Eye Care and Eye Health – Age-Related Macular Degeneration
Good eye health begins with your diet. Proper leafy green vegetables such as spinach, kale, and romaine lettuce. Other good leafy green vegetables include artichoke, beets, carrots, cabbage, cucumbers, eggplants, guavas, melons, oranges, peaches, prunes, strawberries, walnuts, sprouts, tomatoes, and zucchini. Oranges, limes, grapes, cherries, Mandarin oranges, honeydew, melon, mint, mulberries, pineapples, papaya, prune, berries, raisins, red beans, rice cakes, sun-dried tomatoes, and sweet potatoes.
Also, eye health depends upon regular visits to an optometrist for professional cleaning and yearly eye exams. The American Optometric Association recommends that all Americans over age 18 receive at least one annual eye exam. Of those adults, many don’t have eye exams until their mid-life crisis. In addition, even those who are diligent about their eye health may not be fully aware of the need to maintain proper contact lenses or glasses, or have the cash to pay for these services.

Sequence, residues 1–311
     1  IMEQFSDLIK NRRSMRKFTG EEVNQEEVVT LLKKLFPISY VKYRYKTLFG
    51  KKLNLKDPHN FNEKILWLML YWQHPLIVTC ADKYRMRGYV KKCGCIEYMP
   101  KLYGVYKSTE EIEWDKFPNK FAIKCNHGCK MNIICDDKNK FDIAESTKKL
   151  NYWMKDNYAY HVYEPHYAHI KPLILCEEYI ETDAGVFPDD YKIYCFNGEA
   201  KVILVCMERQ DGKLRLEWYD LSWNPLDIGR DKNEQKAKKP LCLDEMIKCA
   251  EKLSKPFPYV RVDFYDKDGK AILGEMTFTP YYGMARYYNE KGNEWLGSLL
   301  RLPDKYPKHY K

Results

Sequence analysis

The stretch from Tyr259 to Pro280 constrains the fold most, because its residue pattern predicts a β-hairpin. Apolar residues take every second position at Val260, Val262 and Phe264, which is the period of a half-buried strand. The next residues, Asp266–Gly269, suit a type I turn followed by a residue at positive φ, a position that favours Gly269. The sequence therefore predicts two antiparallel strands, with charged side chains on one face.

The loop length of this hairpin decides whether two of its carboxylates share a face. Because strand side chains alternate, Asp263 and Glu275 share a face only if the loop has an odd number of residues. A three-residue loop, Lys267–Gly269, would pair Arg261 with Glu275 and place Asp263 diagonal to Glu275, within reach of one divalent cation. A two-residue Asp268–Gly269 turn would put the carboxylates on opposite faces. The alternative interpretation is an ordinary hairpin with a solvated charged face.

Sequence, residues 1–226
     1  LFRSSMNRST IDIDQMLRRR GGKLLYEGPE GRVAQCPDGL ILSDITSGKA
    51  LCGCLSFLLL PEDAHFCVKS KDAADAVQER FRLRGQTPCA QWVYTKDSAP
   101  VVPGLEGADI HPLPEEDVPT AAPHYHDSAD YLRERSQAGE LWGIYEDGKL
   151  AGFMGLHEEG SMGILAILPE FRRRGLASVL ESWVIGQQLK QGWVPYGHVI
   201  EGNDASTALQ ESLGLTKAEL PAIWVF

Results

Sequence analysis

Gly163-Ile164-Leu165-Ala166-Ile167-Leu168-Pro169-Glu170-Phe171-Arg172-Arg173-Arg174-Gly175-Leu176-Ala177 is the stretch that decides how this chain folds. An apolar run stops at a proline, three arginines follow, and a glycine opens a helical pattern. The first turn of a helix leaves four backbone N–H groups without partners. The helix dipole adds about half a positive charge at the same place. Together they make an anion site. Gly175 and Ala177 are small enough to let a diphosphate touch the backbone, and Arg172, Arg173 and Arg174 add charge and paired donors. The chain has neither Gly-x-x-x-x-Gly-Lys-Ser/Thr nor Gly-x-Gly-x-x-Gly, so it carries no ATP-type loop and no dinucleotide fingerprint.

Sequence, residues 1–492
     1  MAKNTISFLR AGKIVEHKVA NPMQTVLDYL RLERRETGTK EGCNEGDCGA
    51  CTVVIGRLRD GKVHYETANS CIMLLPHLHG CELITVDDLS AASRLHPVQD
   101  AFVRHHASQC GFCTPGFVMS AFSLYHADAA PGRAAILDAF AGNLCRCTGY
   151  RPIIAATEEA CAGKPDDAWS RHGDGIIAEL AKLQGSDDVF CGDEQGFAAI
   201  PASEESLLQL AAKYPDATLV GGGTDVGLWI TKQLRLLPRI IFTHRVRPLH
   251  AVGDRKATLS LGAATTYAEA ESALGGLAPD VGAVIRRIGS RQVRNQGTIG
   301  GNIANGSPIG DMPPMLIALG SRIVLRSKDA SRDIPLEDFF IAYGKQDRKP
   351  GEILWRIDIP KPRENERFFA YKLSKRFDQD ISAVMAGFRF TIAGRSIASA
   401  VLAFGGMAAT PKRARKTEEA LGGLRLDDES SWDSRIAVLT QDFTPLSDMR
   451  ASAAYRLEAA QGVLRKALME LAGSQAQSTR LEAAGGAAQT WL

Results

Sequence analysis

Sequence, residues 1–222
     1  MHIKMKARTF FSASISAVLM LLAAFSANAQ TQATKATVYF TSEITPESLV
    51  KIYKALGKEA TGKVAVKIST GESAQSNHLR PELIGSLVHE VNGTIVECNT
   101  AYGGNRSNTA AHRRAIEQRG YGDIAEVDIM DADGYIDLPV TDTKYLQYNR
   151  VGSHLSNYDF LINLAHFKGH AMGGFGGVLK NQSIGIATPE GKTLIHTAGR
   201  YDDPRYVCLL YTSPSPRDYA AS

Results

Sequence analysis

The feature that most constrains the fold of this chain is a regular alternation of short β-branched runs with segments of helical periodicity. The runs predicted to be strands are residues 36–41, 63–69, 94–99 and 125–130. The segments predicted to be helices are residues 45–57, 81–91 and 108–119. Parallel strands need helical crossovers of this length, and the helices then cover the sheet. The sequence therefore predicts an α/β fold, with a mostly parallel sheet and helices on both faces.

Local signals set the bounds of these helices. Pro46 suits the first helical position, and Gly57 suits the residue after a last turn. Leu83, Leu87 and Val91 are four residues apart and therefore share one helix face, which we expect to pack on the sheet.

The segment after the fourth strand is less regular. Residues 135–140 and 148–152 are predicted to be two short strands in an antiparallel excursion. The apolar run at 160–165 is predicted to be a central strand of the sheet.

Vision care specialists recommend that individuals over age 60 visit an optometrist at least once each year for a professional eye exam, which can rule out and diagnose several eye diseases. These diseases include cataracts, glaucoma, macular degeneration, strabismus, and age-related macular degeneration. These diseases can cause vision loss and, in the case of cataracts, cause blindness. Eye exams can help detect these diseases and improve the vision of those who suffer from them. As cataracts affect many people around the world, family history of cataracts is known to influence risk for this eye disease. Therefore, it is important to learn about your family history and discuss these issues with your eye care professional before scheduling a routine eye exam.